LDCs: All roads lead to Bali
This issue is published jointly with IDEAS Centre Geneva and aims at taking stock of the issues of special interest to the least-developed countries (LDCs) on the eve of the WTO's Bali Ministerial Conference.
No one can deny that the rhythm of the negotiations has increased since the end of the summer break. Bali will show whether this was "too little, too late" or sufficient to ensure both a balanced package and a stimulus for the post-Bali era. Three new draft decisions on LDC issues (on rules of origin, cotton and the implementation of the services waiver) have been released recently and will allow still needed discussions. An eighteenth version of the draft agreement on trade facilitation has also been provided, showing significant progress as well as a problematic status quo. Although there has been a recent step back on special and deferential treatment (S&D) monitoring mechanism negotiations, it can be assumed that discussions on the overall package have accelerated.
However, the same cannot be said yet on post-Bali issues. For Bali not to be considered a failure, some decisions, or at least declarations of good will, accompanied by work plans on the technical issues will be required. For Bali to be seen as a success, members will have to engage rapidly in a likely thorny, but necessary debate on a long list of subjects that are all inter-related: governance, ways of negotiation, single undertaking, Doha issues versus non- Doha issues, global value chains (GVCs), mega deals, plurilaterals, etc.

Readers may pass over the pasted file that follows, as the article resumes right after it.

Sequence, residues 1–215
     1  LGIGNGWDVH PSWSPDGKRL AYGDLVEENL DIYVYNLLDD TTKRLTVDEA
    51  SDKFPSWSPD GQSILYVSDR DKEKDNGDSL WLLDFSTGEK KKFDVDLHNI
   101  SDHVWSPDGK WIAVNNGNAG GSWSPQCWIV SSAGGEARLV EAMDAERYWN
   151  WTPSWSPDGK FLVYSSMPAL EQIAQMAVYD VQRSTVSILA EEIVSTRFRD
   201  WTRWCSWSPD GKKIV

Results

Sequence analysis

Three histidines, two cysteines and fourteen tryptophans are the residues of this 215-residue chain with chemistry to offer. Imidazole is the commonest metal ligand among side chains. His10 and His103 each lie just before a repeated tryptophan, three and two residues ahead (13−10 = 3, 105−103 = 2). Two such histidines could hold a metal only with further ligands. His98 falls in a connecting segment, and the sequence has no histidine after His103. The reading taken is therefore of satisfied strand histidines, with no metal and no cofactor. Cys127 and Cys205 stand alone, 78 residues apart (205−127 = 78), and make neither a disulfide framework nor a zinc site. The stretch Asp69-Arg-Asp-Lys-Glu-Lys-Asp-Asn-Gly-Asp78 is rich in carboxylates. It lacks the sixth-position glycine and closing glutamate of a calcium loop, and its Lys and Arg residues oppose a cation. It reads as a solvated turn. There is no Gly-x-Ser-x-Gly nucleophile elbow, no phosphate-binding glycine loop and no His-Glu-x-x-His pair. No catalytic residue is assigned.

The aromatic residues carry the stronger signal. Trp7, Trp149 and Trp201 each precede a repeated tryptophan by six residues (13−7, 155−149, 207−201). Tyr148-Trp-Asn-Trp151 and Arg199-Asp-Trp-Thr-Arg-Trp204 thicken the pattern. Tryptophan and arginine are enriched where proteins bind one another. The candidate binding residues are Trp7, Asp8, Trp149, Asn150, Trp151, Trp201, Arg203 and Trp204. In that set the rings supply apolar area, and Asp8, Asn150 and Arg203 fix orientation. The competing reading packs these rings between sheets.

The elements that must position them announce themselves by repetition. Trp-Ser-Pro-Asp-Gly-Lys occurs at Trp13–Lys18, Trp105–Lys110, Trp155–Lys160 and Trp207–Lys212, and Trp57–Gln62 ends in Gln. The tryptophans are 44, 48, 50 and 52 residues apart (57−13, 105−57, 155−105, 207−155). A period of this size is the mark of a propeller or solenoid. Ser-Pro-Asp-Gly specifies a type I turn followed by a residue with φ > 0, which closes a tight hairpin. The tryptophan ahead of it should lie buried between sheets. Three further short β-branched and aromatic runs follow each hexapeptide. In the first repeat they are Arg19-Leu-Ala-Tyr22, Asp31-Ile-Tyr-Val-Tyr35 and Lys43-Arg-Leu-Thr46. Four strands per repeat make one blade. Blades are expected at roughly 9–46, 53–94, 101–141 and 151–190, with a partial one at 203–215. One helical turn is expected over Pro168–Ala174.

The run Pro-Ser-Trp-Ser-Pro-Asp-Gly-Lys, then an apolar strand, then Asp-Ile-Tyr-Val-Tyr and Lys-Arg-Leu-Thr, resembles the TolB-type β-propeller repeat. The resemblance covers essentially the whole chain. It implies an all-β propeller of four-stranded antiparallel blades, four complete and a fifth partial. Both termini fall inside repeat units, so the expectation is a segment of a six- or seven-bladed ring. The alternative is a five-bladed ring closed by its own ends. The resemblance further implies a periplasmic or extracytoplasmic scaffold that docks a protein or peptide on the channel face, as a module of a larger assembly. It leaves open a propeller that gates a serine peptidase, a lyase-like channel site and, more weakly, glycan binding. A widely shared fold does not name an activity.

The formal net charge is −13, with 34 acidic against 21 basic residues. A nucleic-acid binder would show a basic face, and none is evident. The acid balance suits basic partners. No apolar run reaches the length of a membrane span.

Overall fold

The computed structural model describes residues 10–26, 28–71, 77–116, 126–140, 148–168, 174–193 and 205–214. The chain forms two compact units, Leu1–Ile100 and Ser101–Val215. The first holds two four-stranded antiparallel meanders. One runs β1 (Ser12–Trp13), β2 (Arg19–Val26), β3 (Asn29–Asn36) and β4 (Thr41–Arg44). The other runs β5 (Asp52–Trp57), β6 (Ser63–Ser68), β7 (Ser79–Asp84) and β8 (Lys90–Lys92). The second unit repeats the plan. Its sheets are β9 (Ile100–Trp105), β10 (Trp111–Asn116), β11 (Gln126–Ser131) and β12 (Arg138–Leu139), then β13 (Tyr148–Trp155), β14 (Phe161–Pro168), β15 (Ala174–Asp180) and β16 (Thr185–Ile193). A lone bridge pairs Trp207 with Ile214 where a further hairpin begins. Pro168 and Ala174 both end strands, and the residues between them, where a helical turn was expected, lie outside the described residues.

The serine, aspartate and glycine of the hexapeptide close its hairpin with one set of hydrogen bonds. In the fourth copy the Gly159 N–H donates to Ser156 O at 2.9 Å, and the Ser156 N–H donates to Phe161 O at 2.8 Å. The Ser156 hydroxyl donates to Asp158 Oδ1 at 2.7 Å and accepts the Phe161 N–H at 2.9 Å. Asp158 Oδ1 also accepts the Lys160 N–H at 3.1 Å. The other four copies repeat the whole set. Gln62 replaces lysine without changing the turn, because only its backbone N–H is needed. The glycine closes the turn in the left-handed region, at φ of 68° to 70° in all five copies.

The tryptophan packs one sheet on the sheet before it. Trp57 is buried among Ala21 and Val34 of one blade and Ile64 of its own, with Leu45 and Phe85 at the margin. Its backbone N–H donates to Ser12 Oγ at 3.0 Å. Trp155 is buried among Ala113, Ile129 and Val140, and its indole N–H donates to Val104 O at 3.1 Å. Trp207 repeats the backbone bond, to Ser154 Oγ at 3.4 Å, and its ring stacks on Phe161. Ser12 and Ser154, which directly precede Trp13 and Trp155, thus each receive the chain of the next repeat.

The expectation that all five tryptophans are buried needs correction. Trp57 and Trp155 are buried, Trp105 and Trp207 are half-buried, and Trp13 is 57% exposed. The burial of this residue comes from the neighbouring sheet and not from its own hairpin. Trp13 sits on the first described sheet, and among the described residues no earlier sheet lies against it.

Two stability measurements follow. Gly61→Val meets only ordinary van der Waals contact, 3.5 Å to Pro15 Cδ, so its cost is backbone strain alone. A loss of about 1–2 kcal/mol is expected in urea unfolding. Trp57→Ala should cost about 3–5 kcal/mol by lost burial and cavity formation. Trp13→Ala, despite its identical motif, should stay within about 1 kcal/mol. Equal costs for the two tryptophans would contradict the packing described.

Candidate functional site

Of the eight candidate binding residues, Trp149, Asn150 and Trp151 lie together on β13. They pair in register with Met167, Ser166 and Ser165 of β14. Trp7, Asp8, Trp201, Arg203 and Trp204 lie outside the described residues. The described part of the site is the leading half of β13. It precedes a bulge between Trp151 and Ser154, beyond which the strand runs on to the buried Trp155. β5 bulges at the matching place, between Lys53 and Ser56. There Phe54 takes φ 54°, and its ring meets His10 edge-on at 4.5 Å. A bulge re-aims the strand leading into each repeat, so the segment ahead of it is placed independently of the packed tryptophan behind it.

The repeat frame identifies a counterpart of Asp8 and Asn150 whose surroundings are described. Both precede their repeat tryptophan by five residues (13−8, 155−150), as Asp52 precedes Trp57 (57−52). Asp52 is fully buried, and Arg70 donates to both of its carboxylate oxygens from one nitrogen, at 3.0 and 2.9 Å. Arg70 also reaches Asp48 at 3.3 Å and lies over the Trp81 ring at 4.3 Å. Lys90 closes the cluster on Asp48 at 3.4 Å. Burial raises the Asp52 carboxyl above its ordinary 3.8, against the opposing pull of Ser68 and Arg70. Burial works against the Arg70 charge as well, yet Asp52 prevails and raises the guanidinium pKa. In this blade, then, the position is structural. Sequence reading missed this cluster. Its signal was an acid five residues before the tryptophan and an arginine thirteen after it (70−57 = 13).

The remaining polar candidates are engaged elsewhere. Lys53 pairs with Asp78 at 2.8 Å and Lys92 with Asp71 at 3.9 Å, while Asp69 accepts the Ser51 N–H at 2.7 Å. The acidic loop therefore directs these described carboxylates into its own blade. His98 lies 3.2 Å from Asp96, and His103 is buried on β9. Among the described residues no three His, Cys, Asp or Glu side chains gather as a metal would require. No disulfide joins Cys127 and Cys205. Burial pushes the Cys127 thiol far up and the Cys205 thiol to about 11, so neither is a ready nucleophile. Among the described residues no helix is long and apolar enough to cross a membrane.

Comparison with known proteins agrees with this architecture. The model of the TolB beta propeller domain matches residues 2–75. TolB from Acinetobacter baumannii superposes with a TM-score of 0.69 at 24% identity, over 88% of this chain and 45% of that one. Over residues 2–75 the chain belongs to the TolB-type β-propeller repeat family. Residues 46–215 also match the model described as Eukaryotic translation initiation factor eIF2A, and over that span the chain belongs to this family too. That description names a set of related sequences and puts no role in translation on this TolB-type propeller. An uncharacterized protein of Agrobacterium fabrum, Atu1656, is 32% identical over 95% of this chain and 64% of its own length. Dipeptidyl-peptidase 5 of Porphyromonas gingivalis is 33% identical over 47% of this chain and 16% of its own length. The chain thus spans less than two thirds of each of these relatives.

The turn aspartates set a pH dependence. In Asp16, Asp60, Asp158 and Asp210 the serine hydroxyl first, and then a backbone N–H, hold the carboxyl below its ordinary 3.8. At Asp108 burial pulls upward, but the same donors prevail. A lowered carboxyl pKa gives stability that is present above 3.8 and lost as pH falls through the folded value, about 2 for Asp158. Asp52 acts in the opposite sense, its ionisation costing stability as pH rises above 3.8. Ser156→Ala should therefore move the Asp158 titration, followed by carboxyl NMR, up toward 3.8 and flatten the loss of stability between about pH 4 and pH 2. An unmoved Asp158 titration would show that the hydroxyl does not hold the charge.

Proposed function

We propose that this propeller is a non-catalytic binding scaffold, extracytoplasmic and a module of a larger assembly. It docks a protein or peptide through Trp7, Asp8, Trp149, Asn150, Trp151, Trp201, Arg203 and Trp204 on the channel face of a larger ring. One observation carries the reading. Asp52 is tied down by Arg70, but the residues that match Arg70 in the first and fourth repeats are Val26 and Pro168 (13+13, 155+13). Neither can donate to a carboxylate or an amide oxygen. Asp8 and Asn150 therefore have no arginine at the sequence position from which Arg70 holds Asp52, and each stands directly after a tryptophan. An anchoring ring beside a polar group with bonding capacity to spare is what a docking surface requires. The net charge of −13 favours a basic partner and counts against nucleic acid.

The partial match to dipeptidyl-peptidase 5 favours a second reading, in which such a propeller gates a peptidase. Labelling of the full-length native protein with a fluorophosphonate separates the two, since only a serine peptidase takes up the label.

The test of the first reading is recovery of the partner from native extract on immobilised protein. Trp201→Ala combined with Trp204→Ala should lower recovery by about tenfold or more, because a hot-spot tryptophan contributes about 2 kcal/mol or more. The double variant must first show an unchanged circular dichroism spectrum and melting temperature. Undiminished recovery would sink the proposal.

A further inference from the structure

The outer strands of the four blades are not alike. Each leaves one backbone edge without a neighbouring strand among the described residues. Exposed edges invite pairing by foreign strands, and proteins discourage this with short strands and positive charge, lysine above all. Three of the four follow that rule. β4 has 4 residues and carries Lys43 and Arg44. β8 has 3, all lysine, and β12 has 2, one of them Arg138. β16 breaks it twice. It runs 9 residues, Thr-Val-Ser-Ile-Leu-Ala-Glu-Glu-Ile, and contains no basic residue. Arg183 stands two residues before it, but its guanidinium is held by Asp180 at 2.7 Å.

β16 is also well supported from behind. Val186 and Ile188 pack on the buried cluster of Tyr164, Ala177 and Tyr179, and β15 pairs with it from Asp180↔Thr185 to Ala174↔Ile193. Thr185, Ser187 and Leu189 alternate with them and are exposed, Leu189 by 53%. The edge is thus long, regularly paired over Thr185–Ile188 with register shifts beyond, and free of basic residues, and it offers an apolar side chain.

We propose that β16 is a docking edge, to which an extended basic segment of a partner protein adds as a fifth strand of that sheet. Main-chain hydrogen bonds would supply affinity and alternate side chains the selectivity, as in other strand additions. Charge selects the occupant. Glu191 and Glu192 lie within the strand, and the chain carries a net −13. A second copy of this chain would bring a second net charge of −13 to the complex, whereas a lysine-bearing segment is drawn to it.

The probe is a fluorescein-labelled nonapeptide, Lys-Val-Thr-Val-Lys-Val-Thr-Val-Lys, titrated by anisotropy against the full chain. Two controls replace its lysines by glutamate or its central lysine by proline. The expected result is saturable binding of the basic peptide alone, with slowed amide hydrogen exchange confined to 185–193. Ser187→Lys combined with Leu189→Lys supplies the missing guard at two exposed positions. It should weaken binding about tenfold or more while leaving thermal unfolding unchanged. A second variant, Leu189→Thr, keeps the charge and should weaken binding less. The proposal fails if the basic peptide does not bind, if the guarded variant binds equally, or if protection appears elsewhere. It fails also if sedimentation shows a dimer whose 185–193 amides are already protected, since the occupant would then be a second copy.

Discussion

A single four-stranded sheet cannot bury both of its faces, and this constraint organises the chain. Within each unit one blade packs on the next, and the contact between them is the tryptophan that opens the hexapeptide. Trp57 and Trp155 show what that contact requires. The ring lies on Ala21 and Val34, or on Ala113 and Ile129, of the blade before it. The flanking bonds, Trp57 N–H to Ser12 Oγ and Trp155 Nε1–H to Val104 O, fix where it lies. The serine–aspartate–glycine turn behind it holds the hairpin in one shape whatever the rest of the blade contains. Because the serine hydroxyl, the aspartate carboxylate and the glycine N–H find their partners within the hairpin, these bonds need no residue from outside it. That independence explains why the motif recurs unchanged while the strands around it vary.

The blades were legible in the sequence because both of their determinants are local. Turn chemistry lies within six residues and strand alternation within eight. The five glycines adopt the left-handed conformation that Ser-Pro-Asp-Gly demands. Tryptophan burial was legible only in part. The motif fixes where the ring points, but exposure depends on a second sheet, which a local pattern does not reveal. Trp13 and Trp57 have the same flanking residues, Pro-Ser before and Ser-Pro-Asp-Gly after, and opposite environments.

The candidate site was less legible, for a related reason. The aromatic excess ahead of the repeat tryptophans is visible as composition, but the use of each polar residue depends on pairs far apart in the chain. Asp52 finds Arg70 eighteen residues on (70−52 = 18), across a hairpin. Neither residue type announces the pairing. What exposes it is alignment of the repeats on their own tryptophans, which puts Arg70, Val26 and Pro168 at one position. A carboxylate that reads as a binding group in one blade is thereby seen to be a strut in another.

This special edition of Bridges Africa is dedicated to LDCs, meaning that it is not limited to LDC issues but addresses a broad range of topics taking into account their concerns and challenges. The edition, therefore, encompasses three types of analyses on: LDC-specific issues; other non LDC-specific negotiating items of importance for the group, such as trade facilitation and to a lesser extent some topics in agriculture; and post-Bali systemic issues for which LDCs will need to sharpen their positions.
We hope you enjoy reading this issue and invite you to consult our Doha Round Briefing Series prior the Conference as well as ICTSD's Bridges Daily Update during the conference.
In addition to our renowned on-the-ground reporting, ICTSD will also organise a Trade and Development Symposium on the sidelines of the Ministerial Conference in Bali. The aim of the event is to provide a forum for discussion among governmental and non-governmental stakeholders on issues at the interface of trade and sustainable development, with a view to identifying policy options to address key challenges facing the multilateral trade system.
As usual, we invite readers to participate in future issues of Bridges Africa by helping to identify emerging issues and relevant research. We welcome your participation and contributions. Write to us at [email protected]h.
The Bridges Africa team.